Illusion of control

I'm practicing a new thing. Well, a few new things. I've been leaving the house without my phone. Let that one settle in for a moment. Do you remember the last time you did this? It's really freeing. A few weeks ago, we spent the entire afternoon at the beach--and left both of our phones at home. I"m not sure when it was decided that I need it with me at all times, but I want you to know that that is a lie. Sure, we missed messages and other invitations for the day. No, we couldn't photo document the day. But there is great joy in fewer options. Plus, I wasn't tempted to check work email or respond to messages. I was present. I am also practicing limited work days. I am in the office all day long on Tuesdays.  The rest of my work time is reserved for appointments with people, scheduled events and worship planning/leading. This means I am not answering emails or responding to messages until actual work hours. I'd like to think this has been my practice all along, but it's been far from it. To help me reign this in, I disconnected email and fb notifications from my phone.

I'm also giving away a good deal of congregational life to the congregation. You can read more about that movement here and here. And then practicing not being the backup/default for everything.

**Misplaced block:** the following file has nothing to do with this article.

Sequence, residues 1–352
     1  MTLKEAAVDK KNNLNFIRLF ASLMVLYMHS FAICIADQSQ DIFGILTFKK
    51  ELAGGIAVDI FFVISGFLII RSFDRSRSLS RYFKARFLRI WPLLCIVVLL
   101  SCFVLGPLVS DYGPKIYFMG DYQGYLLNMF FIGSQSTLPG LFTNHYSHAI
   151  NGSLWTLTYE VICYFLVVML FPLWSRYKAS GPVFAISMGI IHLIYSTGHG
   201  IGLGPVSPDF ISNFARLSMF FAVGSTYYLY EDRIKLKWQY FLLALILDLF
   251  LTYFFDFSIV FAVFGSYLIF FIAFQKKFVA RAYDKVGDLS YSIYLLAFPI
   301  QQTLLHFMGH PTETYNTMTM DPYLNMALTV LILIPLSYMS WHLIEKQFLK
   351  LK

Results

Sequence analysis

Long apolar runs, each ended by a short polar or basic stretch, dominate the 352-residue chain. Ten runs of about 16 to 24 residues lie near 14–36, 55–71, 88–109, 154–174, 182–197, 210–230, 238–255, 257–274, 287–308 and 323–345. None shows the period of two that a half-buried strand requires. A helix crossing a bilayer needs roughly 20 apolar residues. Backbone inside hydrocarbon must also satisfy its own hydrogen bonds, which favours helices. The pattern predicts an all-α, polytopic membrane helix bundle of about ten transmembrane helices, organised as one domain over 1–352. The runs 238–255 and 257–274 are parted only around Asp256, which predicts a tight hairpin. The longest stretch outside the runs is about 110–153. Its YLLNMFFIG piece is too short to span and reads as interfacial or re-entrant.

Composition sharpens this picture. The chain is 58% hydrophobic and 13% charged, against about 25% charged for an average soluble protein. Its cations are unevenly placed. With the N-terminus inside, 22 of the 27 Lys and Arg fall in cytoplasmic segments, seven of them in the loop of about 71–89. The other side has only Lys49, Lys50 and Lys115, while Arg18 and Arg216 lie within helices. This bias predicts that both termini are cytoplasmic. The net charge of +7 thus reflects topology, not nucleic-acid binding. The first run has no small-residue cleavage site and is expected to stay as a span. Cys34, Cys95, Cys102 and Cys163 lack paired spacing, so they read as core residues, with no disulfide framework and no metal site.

I'm also trying to lighten up about the level of mess that I am comfortable with at home. It's unnerving--inviting people in when the kitchen is a disaster. I have to do a lot of self talk. I imagine this will get easier with practice. Last week, Heatherlyn and Jason called and said, "Hey, we are in the area. Can we stop by and see those baby dreads?" Heatherlyn and I had been messaging back and forth--I was asking for maintenance advice. Then came this opportunity--when the house was in complete chaos. In my head, I said, "Oh hell no!" But I ignored that voice and said, "That would be amazing." Guess what? We had a lovely conversation--a gift of connection. It felt like a bible story--"Jesus, you want to come to MY house?" (Zacchaeus, various tax collectors, me, etc.) This blog post about scruffy hospitality seems timely.

Anyway, it all comes down to control. Or the illusion of control.The world doesn't end when you give up little bits of it. Want to practice with me? I promise not to be annoyed when it takes you all day (or three days) to respond to my messages. I won't  judge your messy kitchen. Trust me. I will just be overwhelmed with joy that you offered me a cup of iced tea.